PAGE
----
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LG NANO CELL TV REVIEW – A TV FOR GAMING

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We now have this Nano cell TV that’s coming out from LG and it has less processing delay, so I was like hook me up, so I can write about it. They did, so I am writing too.
The Corsair one features a compact form factor that is fast, quiet and you guessed it compact! Check it out through Amazon or Newegg for first impressions of the LG 55 Inch SJ 8500.


It looks pretty damn good. The bezels are thin and the metal along the outside looks sharp. I mean it’s hard to explain exactly what makes a TV aesthetic work but this design got the job done for us. You know what else looks good anything you toss up on the screen. The Grand Tour in 4k with HDR on Amazon Prime video looks awesome. Car stuff you can already tell Alex worked on this video and the speakers are reasonably loud and clear. Now to be clear our Nano cell TV had the misfortune of being set up side by side with LG’s w7 OLED wallpaper TV and it’s not as good as that.


The black levels available on the OLED TV are simply stunning and it is physically impossible for any modern LCD screen to achieve perfect black levels like that. But at half the price of LG’s least expensive OLED it’s a pretty compelling picture. LG’s biggest claim for their Nano cell tech which seems to be basically their branding for quantum dot is accurate colors from any viewing angle up to 60 degrees. Which from our testing actually holds up pretty well. What they didn’t mention though is that the contrast isn’t quite as good from a wider angle. But as you go to the side, black areas of the scene look more gray and less detailed. You won’t encounter this on an OLED anyway.


Back to the original question, though is there any credence to the claims that it’s good for gaming, well the picture looks significantly less processed in game mode. Suggesting that well there might be less processing going on but I still find this claim confusing. As far as pure technology goes the OLED pixels should switch much faster nearly instantaneously. So why would it be then that a more expensive TV would be slower than in any way? Is it possible that these OLED pixels are harder to drive or there’s more processing left on in game mode? meaning that the LCD Nano cell TV might be able to edge out a win well we fired up CS GO.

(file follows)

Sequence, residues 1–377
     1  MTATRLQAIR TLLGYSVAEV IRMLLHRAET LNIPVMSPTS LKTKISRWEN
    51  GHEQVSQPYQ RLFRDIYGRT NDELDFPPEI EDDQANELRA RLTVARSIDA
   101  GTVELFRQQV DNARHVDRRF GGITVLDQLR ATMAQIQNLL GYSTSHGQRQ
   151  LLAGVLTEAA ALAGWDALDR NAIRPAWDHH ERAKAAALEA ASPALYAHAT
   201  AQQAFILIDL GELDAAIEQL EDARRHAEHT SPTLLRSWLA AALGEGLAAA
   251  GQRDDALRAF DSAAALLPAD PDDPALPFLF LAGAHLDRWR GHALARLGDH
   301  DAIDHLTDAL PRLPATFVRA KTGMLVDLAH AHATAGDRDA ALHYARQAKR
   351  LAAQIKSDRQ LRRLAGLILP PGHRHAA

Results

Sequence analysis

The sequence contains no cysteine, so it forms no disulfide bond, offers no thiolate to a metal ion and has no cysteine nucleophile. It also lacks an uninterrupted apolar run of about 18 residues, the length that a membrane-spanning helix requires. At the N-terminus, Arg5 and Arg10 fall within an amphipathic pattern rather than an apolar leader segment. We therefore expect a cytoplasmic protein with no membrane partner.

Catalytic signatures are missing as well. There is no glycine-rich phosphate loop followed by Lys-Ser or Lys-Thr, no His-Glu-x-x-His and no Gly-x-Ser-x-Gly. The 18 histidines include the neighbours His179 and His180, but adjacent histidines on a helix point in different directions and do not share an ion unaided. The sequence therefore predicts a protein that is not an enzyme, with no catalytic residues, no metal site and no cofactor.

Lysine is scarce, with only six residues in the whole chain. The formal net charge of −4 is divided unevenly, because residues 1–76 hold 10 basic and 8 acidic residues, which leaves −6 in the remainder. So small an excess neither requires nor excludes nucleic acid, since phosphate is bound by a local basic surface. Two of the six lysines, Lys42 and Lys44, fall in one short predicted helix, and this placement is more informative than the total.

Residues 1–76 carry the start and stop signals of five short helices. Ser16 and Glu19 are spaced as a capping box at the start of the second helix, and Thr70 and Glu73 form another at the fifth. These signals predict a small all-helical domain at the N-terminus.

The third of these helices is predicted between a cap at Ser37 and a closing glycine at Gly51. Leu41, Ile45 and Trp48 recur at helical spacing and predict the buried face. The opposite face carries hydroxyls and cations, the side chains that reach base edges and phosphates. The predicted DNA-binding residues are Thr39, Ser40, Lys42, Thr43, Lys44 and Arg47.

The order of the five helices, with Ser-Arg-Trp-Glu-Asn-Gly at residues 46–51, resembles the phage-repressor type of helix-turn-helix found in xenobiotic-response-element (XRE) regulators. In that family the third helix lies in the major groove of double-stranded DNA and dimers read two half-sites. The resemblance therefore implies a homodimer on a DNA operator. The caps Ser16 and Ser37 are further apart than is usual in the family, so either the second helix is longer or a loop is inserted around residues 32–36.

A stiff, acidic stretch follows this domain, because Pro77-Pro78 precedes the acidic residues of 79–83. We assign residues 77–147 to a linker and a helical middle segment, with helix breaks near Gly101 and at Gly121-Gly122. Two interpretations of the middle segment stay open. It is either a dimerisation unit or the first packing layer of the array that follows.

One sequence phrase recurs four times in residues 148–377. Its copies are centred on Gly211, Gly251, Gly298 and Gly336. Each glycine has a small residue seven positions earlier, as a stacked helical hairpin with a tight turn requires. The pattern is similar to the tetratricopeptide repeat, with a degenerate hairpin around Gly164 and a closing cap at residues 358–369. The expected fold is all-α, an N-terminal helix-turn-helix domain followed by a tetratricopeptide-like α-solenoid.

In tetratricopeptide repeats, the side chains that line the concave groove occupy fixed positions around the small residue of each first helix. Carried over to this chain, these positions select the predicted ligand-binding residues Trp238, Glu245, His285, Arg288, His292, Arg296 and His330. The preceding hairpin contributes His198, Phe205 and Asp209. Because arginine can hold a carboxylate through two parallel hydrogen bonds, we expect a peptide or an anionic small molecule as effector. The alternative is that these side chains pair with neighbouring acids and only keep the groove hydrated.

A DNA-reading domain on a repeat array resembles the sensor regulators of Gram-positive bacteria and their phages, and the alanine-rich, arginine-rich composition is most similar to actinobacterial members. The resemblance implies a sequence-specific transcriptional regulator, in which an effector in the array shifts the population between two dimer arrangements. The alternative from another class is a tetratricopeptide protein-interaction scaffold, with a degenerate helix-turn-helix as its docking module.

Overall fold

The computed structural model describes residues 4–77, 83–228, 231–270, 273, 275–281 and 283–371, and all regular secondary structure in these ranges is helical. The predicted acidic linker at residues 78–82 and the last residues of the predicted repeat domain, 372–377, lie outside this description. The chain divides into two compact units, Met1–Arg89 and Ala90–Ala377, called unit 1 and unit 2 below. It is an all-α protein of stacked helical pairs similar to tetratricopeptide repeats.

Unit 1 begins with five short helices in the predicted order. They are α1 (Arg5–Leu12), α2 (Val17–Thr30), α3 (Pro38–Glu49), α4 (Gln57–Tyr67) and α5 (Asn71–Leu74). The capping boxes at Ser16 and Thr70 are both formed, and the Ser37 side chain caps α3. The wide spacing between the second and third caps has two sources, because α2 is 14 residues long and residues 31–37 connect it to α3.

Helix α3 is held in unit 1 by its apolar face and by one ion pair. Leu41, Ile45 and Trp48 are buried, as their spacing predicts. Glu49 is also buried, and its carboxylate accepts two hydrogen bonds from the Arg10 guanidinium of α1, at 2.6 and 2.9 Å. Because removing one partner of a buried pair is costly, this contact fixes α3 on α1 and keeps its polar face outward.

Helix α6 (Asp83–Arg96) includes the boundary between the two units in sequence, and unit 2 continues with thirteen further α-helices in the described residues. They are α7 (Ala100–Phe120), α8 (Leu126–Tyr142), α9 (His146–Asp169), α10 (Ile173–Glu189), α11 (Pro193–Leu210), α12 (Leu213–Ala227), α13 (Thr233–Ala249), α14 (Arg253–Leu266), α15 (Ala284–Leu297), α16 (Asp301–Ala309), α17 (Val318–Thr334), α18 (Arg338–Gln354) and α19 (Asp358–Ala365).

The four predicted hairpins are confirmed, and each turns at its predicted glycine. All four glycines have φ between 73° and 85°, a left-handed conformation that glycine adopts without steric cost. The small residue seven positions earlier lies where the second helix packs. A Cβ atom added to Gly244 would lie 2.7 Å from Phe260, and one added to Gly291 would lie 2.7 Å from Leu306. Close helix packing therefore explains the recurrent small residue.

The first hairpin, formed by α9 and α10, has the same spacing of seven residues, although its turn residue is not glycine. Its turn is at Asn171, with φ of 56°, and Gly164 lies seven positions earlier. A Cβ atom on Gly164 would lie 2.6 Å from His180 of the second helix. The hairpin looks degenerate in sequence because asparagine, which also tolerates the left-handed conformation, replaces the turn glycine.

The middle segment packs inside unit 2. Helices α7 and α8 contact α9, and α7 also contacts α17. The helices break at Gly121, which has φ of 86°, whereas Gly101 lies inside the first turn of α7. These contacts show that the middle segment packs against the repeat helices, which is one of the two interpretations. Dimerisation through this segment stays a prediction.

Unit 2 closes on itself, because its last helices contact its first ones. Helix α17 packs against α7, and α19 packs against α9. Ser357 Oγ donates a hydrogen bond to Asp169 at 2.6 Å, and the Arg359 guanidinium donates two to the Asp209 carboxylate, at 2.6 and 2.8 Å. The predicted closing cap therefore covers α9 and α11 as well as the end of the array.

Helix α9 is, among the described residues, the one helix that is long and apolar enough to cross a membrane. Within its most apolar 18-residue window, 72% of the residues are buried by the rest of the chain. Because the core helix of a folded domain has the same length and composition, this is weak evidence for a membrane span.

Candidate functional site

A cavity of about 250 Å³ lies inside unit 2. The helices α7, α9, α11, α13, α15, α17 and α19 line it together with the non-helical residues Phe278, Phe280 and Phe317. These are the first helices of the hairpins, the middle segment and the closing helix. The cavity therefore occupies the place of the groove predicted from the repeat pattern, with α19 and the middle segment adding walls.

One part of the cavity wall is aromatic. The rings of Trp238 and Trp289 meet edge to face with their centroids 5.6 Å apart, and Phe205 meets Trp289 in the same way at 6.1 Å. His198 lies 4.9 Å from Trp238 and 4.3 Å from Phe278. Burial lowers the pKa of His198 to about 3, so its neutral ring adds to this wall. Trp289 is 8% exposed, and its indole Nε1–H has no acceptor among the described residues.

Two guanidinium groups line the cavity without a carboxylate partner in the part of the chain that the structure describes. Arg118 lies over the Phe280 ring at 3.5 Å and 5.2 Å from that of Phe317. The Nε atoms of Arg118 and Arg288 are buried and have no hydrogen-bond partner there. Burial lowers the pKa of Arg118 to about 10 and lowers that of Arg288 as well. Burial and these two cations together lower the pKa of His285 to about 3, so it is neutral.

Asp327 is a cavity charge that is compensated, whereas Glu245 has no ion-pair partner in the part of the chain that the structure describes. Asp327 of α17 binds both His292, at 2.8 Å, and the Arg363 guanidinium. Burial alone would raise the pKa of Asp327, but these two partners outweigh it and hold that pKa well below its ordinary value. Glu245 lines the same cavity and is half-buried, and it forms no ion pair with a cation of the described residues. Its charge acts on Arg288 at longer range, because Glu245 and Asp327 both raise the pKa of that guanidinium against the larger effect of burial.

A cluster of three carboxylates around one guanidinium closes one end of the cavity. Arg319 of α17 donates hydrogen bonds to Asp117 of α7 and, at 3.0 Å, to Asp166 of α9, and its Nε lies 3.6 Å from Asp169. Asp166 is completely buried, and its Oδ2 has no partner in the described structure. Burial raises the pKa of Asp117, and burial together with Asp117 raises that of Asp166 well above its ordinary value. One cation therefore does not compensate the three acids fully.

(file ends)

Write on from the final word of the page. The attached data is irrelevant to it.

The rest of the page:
To try them side by side and see if we could eyeball out a clear Victor and from this completely non-scientific test, it did seem that the Nano cell was offering a smoother gaming experience. Movements felt quicker than the OLED which sort of felt jelly-like in comparison. So to confirm we pulled out the 240 FPS camera all right. So firing off around we wait the OLED is faster. we checked this over and over but side by side the OLED was about eight milliseconds faster. Even stranger the Nano Cell TV and our benchmark for true haste the ASUS rog swift 258 q at sixty Hertz for fairness were near to identical to each other as well.


This seemed a bit strange so we decided to get pure input lag numbers. For this test when the two leads are touched together the LED on the board lights up and sends a mouse click to the computer so we can measure the delay between a click and an action on-screen. After consulting our footage we determined that our OLED delay is about 32 milliseconds and the Nano cell was about 40 this actually maybe make sense given the approximately 8 milliseconds times of good LCDs compared to near instant for OLED. But that doesn’t mean that like a gaming monitor for example can’t perform any better than a TV, our ROG monitor managed a mere 16 millisecond delay once we turned it up to 240 Hertz not to mention the extra frames that it displays. Man that animation looks good the point of that though.

This isn’t to take away from the result of the nano Cell TV, I mean sure professional csgo players won’t be using one anytime soon. But I’ve used TVs before with over a hundred milliseconds of input lag that are straight-up nauseating and forty milliseconds is comparable to a 60 Hertz gaming monitor.

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